Archive for December, 2007

I’ve been waiting for this PhotoHunt for a few weeks! Just over a month ago we spent a long weekend in Singapore – a city I had long wanted to visit, but never seemed to manage to make it there (even though it’s only a short hour flight from KL and two hours from Bangkok).Something about the island city-state seems so exciting and cosmopolitan – the skyscrapers right next to the ocean – sounds like the perfect city to me! Plus, I had heard that they have an absolutely stunning Christmas display every year, and we were arriving just in time to see everything get set up.As could be expected, Christmas lights in Singapore are over-the-top, glittering and twinkling on every tree, branch, pole, and building on Orchard Road. Although we only arrived at the very begining of the holiday season, we saw more lights on one street than we’ve seen in the last few years!

Towering Above

Singapore Christmas

All A Glow

Now I must admit, though these lights are especially festive, they are not the only interesting lights I have seen lately. Here are a few more, just to round out this week’s entry:In September, I saw the bright lights of Shanghai:

The Bund

In October, I saw the neon lights of Taipei:

The Brightly Lit Streets of Taipei

And how can I forget the endless lights of Bangkok:

View from Above

The German side of me gets frustrated when I see all of Bangkok’s temples and streets aglow with fairy lights every night, but I have to admit, the gently glimmering sights of this pulsating city has to be one of my favorite things about living here:

Temple of Dawn

All lit up

Bridge at Night

And, of course, we have a few bright little lights in our house as well:


What kind of lights have you seen lately?


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A Framer’s Dozen

I just found another thing to love about Thailand:

Last week we took our rather large pile of pictures, paintings, temple rubbings, batiks, etc that we’ve been intending to frame for the last three years to a framer just outside of our neighborhood.

We spent about an hour picking out the frames, the silks to use as background, and the various shadow-box styles we wanted. And then we watched as the owner spent about 20 minutes totaling up our 3 pages of charges on her enormous calculator. As we waited we discussed our bargaining approach and I mentally tallied the items I could pull from the order to try to bring the price down or to use as a bargaining chip.

And then she told us.

All 16 pieces – some huge, some small; some with silk; some 3 dimensional; some in a “glass sandwich” – for B18,000 or US$600.

Given the fact that I was expecting an extra zero on the end of that price, I just kind of stood there in silence for a minute. Then we bargained her down to B16,000 or US$525 (including delivery the following Saturday). And then we hightailed it out of there giggling the whole way.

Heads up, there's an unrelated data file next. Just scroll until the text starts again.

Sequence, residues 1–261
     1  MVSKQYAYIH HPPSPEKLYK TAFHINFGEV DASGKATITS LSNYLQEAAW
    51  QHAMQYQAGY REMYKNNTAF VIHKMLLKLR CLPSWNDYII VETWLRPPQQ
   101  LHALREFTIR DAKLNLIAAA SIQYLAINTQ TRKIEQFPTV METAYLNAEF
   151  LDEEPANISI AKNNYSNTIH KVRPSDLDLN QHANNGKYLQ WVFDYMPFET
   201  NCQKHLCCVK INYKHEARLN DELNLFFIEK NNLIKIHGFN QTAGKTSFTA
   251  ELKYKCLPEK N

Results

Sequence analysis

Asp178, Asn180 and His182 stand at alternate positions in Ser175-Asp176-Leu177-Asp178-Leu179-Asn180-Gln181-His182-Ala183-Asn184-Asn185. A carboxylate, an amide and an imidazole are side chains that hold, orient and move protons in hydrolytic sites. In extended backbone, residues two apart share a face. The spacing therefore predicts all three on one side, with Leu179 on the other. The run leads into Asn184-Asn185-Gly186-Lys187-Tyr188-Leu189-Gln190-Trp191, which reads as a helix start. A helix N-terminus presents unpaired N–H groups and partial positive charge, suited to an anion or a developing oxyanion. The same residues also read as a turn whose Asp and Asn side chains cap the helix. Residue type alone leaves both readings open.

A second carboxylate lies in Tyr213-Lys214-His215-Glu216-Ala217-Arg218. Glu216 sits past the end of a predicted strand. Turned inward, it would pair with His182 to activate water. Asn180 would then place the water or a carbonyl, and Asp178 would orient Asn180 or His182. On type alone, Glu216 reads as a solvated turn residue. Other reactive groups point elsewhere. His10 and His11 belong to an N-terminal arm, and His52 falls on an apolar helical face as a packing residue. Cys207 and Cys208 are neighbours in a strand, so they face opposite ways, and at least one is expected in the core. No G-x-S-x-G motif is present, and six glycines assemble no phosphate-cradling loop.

The irony is that while I think it was a total steal, she probably could have done it for half the price… Either way, our items arrived, perfectly framed, this past Saturday:

A Framer's Dozen



Bubble Wrap

And we spent the rest of the day re-arranging our living and dining rooms and hanging our newly framed artwork (one of my absolute favorite hobbies and Alex’s worst nightmare):

Living room from kitchen

Living room from dining room

Dining room

It’s like a whole new apartment! I honestly can not believe the difference framing makes to a piece of “art” – and I definitely can’t believe how much nicer something framed makes a whole house look! Now that I know, all my souvenirs are going to be things I can get framed and hang on the walls. I guess this means I’m going to have to look for a bigger house, since every inch of space is already taken on these walls…

Next up: selecting some of my favorite pictures from our recent holidays, getting them printed, and then back to the framers!

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The Story of Stuff

I just watched “The Story of Stuff” – if you haven’t seen it, I highly recommend you spend the 20 minutes and watch:

It made me think about my own story of stuff:

Every time we move from one country to the next, we ship our belongings. This time around we had enough to fill an entire 20 foot container – about 3,500 pounds worth of stuff.

Sometimes, I have to admit, I feel a little embarrassed that I have so much stuff. But, deep down, I know that it’s all my stuff that makes me feel at home in a new country. Most of the stuff we have is from our first move to Munich, Germany, when I didn’t know “the ropes” of living abroad and we sold everything we had in the US and bought it all new again in Munich.

Thankfully, eight years later, I have learned a thing or two… Now, I use the school’s, often very generous, shipping allowances to send my stuff from country to country. I usually end up buying some things again and again, like cleaning supplies or small storage items. But one thing I don’t do is sell (or give away) my stuff when I leave. I’d rather invest in a good-quality item that I will have for many years, than continue to buy crap only to throw it away.